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Accounting News Roundup: DTAs NBD; Slowing Audit Fee Growth; South Dakota v. Wayfair | 01.17.18

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Citigroup Earnings Wiped Out by Tax Charge [WSJ]
The $22 billion write-down is eye-popping, sure, but it’s just a result of the company’s deferred tax asset being less valuable under the new tax law. (Citigroup’s DTA topped out at $55 billion.) The fact that this write-down wouldn’t have happened without the big write-downs from the financial crisis shouldn’t be lost on anyone, either. In the end, massive banks are happy taking hits to their DTAs for lower tax obligations in the future.

Related: “This is a very, very trivial problem to have, the opposite of a problem really.”

Audit fee increases show signs of abating [AT]
According to a survey compiled by Financial Executives International, fee growth from audits of public companies and nonprofits slowed down, while fee growth from private companies picked up the pace a bit. Assurance services really are the tortoise, aren’t they?

South Dakota v. Wayfair Is Here So We Can Finally Have A 21st-Century Tax System [ATL]
If you only read one SALT article all year, this should probably be the one. “[I]n the before times, businesses used to mail out catalogs to people who lived in the middle of nowhere, and those people would order products and mail them money, and then the company would mail them back the product. The whole process took, like, thousands of years and was massively inefficient. But, it was the way people who lived outside of cities got watches and brides and things.”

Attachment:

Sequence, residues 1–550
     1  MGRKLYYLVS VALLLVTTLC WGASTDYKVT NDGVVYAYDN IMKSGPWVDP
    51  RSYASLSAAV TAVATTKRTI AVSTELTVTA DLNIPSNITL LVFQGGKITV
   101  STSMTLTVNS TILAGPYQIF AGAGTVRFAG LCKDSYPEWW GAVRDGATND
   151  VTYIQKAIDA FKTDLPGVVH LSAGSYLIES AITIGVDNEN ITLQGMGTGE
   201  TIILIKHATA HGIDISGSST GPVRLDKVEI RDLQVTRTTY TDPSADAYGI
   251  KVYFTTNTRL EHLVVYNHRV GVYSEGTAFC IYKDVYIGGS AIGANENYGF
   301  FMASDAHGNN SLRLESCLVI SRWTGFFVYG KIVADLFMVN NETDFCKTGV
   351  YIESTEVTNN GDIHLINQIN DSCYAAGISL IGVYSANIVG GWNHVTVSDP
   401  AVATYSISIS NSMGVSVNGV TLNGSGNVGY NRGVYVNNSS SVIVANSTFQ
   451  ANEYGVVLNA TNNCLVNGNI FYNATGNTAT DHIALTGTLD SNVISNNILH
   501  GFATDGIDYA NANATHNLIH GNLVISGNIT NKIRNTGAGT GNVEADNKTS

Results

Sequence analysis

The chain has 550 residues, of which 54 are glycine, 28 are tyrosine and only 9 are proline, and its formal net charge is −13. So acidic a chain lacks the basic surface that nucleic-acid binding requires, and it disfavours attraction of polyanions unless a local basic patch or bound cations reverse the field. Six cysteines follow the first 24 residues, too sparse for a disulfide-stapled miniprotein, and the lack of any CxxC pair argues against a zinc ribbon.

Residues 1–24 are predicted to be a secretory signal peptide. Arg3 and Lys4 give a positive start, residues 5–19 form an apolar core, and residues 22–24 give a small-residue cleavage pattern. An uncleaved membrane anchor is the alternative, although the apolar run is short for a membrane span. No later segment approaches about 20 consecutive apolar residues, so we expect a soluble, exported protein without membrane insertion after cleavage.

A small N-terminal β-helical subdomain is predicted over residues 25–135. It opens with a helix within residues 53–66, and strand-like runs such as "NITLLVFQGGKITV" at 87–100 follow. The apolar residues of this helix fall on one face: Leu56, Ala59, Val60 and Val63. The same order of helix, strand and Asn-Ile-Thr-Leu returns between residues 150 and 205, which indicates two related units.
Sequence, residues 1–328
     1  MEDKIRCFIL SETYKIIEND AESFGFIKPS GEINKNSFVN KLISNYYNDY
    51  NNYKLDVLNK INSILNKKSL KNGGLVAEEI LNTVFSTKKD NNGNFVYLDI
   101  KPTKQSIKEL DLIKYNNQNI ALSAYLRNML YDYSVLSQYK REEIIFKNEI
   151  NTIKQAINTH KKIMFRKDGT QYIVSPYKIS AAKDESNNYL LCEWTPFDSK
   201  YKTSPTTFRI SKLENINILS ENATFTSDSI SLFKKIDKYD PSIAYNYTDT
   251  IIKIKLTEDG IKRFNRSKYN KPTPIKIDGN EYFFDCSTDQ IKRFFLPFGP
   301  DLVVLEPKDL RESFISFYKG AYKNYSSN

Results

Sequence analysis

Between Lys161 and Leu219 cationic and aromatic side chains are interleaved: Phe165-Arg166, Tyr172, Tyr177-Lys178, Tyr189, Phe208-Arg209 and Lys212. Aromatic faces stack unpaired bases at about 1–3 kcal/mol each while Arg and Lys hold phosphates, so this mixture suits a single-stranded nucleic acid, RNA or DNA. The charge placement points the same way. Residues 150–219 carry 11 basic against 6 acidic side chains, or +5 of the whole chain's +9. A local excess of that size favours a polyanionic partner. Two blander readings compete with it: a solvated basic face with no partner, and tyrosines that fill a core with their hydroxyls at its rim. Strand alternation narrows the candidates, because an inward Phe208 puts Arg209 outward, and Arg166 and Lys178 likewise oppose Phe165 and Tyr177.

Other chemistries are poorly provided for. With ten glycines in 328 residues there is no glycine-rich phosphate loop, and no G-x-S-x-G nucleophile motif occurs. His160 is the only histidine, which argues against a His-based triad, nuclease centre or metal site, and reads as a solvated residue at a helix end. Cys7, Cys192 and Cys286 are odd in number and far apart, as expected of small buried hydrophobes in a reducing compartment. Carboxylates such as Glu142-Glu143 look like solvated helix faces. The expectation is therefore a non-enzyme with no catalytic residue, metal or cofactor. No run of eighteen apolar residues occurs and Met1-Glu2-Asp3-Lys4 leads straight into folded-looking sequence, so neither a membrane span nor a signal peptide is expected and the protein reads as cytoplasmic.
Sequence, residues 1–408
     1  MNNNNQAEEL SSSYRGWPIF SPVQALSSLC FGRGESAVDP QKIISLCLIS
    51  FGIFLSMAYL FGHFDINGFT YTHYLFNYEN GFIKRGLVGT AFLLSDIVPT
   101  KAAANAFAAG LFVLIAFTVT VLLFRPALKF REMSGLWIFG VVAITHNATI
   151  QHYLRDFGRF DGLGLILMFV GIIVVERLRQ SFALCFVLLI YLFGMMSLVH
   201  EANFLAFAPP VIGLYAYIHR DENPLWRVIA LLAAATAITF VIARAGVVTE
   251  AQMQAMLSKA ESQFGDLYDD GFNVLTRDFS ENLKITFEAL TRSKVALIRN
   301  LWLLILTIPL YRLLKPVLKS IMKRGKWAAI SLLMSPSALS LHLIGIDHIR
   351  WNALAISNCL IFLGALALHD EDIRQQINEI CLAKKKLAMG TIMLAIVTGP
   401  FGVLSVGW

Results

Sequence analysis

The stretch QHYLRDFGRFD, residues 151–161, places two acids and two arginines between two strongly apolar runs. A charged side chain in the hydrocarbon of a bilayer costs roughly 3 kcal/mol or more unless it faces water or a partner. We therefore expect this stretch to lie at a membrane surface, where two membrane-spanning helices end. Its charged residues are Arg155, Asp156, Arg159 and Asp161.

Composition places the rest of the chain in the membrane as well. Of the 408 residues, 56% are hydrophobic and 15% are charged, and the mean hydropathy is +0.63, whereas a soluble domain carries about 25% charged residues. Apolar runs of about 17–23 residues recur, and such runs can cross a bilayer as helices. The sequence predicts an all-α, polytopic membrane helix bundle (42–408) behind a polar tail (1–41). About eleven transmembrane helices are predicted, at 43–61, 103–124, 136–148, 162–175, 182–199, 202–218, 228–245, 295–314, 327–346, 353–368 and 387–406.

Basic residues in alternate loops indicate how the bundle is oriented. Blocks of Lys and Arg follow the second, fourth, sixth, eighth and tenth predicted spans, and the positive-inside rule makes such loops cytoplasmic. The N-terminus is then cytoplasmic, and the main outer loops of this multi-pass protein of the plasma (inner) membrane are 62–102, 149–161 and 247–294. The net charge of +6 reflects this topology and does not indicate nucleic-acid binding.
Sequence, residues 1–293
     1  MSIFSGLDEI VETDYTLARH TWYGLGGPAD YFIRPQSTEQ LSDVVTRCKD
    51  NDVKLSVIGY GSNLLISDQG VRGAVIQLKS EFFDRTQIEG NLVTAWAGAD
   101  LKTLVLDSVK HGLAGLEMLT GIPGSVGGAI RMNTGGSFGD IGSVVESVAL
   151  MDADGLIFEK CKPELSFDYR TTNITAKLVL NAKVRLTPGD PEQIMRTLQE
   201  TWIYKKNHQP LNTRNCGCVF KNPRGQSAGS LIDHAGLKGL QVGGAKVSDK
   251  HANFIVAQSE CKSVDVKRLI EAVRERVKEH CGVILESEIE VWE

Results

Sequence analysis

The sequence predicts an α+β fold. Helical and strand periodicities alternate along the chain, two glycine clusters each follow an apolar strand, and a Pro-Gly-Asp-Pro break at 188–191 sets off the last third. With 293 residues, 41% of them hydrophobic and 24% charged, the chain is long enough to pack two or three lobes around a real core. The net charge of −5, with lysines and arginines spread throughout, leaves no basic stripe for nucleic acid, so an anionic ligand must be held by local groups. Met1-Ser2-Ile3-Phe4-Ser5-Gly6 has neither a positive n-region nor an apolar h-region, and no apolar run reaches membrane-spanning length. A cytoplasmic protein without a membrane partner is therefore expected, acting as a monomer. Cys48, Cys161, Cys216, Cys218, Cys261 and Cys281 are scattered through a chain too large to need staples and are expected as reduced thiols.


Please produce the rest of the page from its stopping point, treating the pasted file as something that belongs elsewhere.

The Antitrust Case Against Facebook, Google and Amazon [WSJ]
They are the Standard Oil and American Telephone and Telegraph Co. of the day. “In the U.S., Alphabet Inc.’s Google drives 89% of internet search; 95% of young adults on the internet use a Facebook Inc. product; and Inc. now accounts for 75% of electronic book sales.”

Why Breaking Up General Electric May Be Hard to Do [NYT]
The sum is worth far more than the parts: “Separating businesses prevents them from endangering each other, which makes a breakup or separate listings for the group’s power, health care and aviation businesses a serious possibility. G.E. took a step in that direction last year by merging its oil and gas division with Baker Hughes. Yet analysts at Cowen reckon G.E.’s parts are worth no more than $15 a share, less than its current stock price, making the financial benefits questionable.”

Previously, on Going Concern…

I remarked on the breezy new PCAOB inspection reports.

From the archives: Mark Weinberger Is the Future Ernst & Young CEO. You Shut Up.

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